Craving for junk food ‘begins in the womb’

Title: Craving for junk food ‘begins in the womb’


Pregnant women who “eat for two” by increasing their consumption of fatty and sugary foods could be putting their unborn children at risk of obesity, research published today says.


Craving for junk food ‘begins in the womb’. Pregnant women who “eat for two” by increasing their consumption of fatty and sugary foods could be putting their unborn children at risk of obesity, research published today says. Breast-feeding mothers who indulge in junk food could also increase their children’s chances of weight problems in later life. Babies’ eating habits can be programmed even as they are in the womb by their mother’s own diets, the study, published in the British Journal of Nutrition, suggests. Children who are exposed to “maternal junk food” in the womb or while breast-feeding may have more difficulty resisting unhealthy diet choices when they get older. Stephanie Bayol, of the Royal Veterinary College in London, said: “Our study has shown that eating large quantities of junk food when pregnant and breast-feeding could impair the normal control of appetite and
promote an exacerbated taste for junk food in offspring. This could send offspring on the road to obesity and make the task of teaching healthy eating habits in children even more challenging.” Dr Bayol’s team found that rats fed on a diet high in processed foods such as doughnuts and crisps during pregnancy and lactation gave birth to offspring that overate and had a preference for foods rich in fat, sugar and salt compared with rats on a regular diet. Rats that were exposed in the womb to junk foods were born lighter than average, but quickly put on weight. Ten weeks after weaning, their body mass was 32 per cent higher for females and 22 per cent higher for males, compared with the offspring of normal diet mothers. Dr Bayol’s team argues that similar trends could be expected in people. Neil Stickland, co-author of the study, said: “The Government is trying to
encourage healthier eating habits in schools, but our research shows that healthy eating habits need to start during the foetal and suckling life of an individual. Giving children better school dinners is very good, but more needs to be done to raise awareness in pregnant and breast-feeding women as well. Future mothers should be aware that pregnancy and lactation are not the time to overindulge on fatty-sugary treats on the misguided assumption that they are ‘eating for two’.” Sue Macdonald, education research manager at the Royal College of Midwives, said that she was often surprised by how little many pregnant women knew about nutrition. But she said it was a myth that all women automatically overindulged when they were pregnant. They should equally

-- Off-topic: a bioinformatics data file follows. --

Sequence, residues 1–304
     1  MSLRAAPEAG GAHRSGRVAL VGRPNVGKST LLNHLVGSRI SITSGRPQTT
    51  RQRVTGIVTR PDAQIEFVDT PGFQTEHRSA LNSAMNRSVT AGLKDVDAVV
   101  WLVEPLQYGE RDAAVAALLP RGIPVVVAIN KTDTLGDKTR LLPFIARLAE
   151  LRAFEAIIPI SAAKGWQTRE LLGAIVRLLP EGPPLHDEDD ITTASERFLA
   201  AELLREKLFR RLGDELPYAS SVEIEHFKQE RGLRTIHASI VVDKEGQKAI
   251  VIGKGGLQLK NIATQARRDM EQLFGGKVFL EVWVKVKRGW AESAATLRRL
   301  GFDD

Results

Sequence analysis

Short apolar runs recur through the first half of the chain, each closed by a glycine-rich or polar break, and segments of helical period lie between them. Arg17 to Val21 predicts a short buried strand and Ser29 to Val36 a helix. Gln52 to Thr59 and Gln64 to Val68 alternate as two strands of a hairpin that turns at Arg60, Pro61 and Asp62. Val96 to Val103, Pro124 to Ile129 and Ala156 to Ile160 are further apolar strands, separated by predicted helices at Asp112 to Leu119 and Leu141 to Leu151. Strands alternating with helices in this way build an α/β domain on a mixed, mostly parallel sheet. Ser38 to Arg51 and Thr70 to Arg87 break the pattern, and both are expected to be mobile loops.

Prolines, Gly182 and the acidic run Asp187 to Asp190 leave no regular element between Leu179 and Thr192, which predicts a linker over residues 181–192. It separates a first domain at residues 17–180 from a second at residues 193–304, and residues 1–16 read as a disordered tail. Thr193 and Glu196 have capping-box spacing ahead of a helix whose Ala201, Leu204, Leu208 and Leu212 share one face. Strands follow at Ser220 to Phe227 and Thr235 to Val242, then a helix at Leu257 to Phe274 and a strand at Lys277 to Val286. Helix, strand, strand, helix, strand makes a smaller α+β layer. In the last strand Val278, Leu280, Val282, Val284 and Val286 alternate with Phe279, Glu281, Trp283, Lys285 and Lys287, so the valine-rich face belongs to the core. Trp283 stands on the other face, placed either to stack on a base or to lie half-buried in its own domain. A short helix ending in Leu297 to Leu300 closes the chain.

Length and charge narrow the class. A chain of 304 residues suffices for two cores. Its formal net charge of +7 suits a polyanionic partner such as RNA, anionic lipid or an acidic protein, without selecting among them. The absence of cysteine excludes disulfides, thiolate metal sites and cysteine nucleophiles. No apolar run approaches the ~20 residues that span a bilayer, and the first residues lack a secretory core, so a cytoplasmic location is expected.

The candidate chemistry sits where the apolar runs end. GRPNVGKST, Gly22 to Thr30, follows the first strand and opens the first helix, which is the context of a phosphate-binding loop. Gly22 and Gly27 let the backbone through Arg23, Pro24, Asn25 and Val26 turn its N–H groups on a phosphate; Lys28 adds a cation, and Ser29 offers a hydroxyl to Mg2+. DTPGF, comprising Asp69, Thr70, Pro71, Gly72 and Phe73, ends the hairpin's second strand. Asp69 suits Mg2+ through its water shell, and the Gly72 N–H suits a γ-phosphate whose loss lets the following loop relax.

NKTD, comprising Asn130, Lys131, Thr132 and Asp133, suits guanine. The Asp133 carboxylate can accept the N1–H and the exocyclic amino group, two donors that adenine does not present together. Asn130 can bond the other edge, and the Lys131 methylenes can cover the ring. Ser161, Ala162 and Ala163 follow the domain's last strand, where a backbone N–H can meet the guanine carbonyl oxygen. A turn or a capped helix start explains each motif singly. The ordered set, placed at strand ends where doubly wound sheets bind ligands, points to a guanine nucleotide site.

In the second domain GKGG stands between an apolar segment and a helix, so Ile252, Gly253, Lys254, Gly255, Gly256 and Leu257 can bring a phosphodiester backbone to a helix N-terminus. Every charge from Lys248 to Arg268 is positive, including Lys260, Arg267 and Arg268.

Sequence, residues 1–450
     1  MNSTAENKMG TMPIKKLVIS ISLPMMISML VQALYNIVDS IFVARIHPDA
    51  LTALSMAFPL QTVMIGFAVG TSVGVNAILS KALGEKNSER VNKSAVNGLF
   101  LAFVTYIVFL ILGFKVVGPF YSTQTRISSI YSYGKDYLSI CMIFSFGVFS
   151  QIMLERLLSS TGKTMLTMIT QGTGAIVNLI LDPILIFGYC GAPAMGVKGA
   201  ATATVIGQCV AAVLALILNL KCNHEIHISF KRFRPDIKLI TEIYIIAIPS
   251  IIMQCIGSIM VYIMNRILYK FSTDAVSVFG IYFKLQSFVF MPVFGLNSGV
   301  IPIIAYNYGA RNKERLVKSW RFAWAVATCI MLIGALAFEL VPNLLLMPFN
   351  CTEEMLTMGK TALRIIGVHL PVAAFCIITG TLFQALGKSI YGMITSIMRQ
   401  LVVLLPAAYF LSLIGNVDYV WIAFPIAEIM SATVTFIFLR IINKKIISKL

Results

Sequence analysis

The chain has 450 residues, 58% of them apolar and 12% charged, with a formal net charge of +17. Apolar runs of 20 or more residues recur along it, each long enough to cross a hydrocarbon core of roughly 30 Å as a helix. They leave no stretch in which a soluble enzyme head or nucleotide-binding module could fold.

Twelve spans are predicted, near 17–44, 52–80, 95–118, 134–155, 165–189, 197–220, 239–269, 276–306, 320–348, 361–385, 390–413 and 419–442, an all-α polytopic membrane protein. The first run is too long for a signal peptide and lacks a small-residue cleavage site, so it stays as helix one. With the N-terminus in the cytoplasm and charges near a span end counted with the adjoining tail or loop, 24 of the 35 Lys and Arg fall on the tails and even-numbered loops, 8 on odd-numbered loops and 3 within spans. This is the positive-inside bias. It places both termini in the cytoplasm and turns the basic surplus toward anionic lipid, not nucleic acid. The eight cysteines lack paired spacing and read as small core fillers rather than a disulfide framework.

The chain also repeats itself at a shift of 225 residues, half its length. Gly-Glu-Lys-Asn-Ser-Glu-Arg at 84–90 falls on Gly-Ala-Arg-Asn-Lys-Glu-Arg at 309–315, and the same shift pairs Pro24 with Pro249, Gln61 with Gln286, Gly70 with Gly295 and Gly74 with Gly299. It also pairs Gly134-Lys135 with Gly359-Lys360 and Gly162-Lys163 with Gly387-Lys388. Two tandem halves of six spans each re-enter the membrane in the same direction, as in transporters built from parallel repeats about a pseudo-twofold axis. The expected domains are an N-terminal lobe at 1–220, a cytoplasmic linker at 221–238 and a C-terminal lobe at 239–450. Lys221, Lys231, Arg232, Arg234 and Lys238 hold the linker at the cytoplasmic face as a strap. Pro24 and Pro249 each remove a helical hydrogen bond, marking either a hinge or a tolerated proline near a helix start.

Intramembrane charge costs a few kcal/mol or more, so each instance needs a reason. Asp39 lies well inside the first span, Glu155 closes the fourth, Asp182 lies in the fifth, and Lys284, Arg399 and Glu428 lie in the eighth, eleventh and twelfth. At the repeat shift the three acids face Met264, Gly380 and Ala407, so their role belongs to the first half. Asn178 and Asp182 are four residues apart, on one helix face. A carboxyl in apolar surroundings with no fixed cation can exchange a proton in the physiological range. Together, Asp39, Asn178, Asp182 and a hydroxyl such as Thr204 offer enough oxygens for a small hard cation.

avoid eating too little because of fears about consuming too much. “Some women may think, ‘I’m eating for two’, but women we have surveyed can in fact be quite negative about their growing bodies and anxious about putting on weight. The message is to eat healthily, when you are hungry. Pregnant women should not take from this that they can never have a doughnut, just don’t have ten.” Adam Balen, Professor of Reproductive Medicine at Leeds teaching hospitals, told The Times that the study reinforced the importance of maternal diet during pregnancy for the lifelong health of a child. “We know more and more that early foetal influences can have a dramatic effect not just on child health but in the long term,” he said. “Our diet is bad as a nation and, although the advice at antenatal classes is to watch what you eat, general dietary information is not as good as it should be and so I’m not sure how often that message is taken on board. But mothers want the best for their children and most people I see in my clinics are hungry for information.”



Any views or opinions expressed are solely those of the author and do not represent those of The Federation of Antenatal Educators (FEDANT) unless specifically stated.

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